Investigators Are Trying To Determine If The Suspect In The Killing Of A Gay College Student Is Linked To White Supremacist Groups

Officials in Southern California are looking into whether the brutal killing of 19-year-old Blaze Bernstein was a hate crime.

Investigators are looking into whether a 20-year-old man, accused of killing an openly gay and Jewish former classmate, has any ties to white supremacist groups, and whether those links may have played a role in the grisly killing, officials told BuzzFeed News.

Blaze Bernstein, a 19-year-old University of Pennsylvania student, went missing early this month while visiting his family in Southern California. After his body was found on Jan. 9, authorities discovered he had been stabbed more than 20 times before being left buried in a shallow grave.

Three days later, the Orange County Sheriff's Department arrested Samuel Woodward on suspicion of murdering Bernstein, a former classmate of his at the Orange County School of the Arts.

Investigators have yet to determine a motive for the killing, which officials are looking into as a possible hate crime.

Carrie Braun, spokesperson for the Orange County Sheriff's Department, told BuzzFeed News that investigators have been looking into Woodward's possible ties to white supremacist groups, as well as other motives that could determine whether Bernstein's killing was a hate crime.

ProPublica reported Thursday that Woodward was an active member of a group called the Atomwaffen Division, a violent white supremacist group that advocates for overthrowing the US government.

Citing three people with knowledge of Woodward's links to the group, including a former member of the Atomwaffen Division, ProPublica reported that Woodward had joined the group in 2016 and attended a three-day training camp that included training in firearms, hand-to-hand combat, and survival skills.

Sam Woodward, the alleged killer of Blaze Bernstein, with members of Atomwaffen, violent neo-Nazi organization in T…

Braun told BuzzFeed News she could not confirm if investigators had confirmed whether Woodward had ties to any particular group.

Investigators with both the sheriff's department and the Orange County District Attorney's office are still investigating the case, she said, and are looking at the possibility of multiple motives to the killing.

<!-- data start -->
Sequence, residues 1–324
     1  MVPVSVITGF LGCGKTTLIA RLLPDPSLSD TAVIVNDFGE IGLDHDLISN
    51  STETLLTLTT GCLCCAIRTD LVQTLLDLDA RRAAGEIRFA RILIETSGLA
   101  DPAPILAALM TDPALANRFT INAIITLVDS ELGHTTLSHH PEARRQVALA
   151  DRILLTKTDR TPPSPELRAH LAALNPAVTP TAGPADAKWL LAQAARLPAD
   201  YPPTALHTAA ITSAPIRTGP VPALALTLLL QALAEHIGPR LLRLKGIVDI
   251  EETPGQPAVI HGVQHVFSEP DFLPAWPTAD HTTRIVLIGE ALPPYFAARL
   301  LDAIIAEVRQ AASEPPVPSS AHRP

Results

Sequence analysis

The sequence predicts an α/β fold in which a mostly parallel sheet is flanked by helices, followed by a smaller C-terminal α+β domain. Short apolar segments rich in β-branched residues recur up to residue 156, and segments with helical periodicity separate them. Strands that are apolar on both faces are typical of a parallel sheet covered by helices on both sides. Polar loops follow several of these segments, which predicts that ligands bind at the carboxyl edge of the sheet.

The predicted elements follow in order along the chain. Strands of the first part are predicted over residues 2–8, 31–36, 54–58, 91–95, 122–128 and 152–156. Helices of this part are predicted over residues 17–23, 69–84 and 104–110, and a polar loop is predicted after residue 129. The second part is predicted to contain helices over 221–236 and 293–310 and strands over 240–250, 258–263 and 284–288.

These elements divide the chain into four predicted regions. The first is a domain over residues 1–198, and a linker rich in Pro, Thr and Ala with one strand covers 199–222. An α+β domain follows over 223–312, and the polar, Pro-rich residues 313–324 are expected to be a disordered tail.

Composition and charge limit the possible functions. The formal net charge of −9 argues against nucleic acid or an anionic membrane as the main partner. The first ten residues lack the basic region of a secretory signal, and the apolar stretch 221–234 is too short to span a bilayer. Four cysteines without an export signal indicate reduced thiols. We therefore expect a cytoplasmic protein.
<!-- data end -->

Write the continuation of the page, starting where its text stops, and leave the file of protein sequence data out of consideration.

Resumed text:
A search warrant affidavit obtained by the Orange County Register revealed the two young men had met up on Jan. 2. According to the documents, Woodward told investigators that he picked up Bernstein in the parking lot of a Hobby Lobby and, from there, the two drove to Borrego Park, where Bernstein set out walking alone.

According to the Register, Woodward told investigators he waited for an hour before leaving, but Bernstein did not return to the car; Woodward then left to meet a girlfriend.

The affidavit noted that Woodward appeared to have cuts and bruises, which he said were from a fight club. When asked about dirt under his fingernails, Woodward said he'd fallen into a dirt puddle during a sparring session.

The affidavit revealed that the two men had also been in contact before the meeting and that Bernstein had told friends, via social media and texts, that he was planning to pursue Woodward sexually because he believed Woodward was about to "hit on me" and "made me promise not to tell anyone..but I have texted everyone, uh oh."

Woodward also told investigators Bernstein had kissed him and that "he wanted to tell Blaze to get off him," according to the Register.

Woodward's ties to Atomwaffen Division — a three-year old neo-Nazi group known to have multiple scattered cells across the country — has added another layer to the homicide case.

According to the Anti-Defamation League, which monitors extremist groups, members of Atomwaffen Division often refer to a race war and make frequent references to Adolf Hitler and Charles Manson, who believed his killings in the late 1960s would spark a race war in the US.

Though the group considered to be small and relatively young, the organization has already been tied to several acts of violence throughout the country.

In May, one of the group's founders, Devon Arthurs, was charged in Florida with murdering two of his roommates, who were also members of the neo-Nazi group. According to the Miami Herald, Arthurs told investigators that the killings occurred because he had converted to Islam and his roommates had taunted him about his faith.

Arthurs also told authorities that another roommate, Brandon Russell, another self-described neo-Nazi and member of Atomwaffen, had plans to blow up power lines and detonate explosives in a nuclear power plant.

Russell has pleaded guilty to charges of possessing explosives and bomb-making materials in his Tampa Palms apartment.

In December, 17-year-old Nicholas Giampa shot himself in Virginia after shooting and killing Buckley Kuhn-Fricker and her husband Scott Fricker — parents of his former girlfriend who had urged her to break up with him because of his white supremacist views.

The Huffington Post reported the 17-year-old was a fan and former member of the Atomwaffen group, and ProPublica reported the teenager had been in contact with members of the organization, according to another former member.

According to the Anti-Defamation League, Atomwaffen Division activity has been reported in Colorado, Florida, Illinois, Pennsylvania, Texas, Massachusetts, Washington, and Wisconsin.

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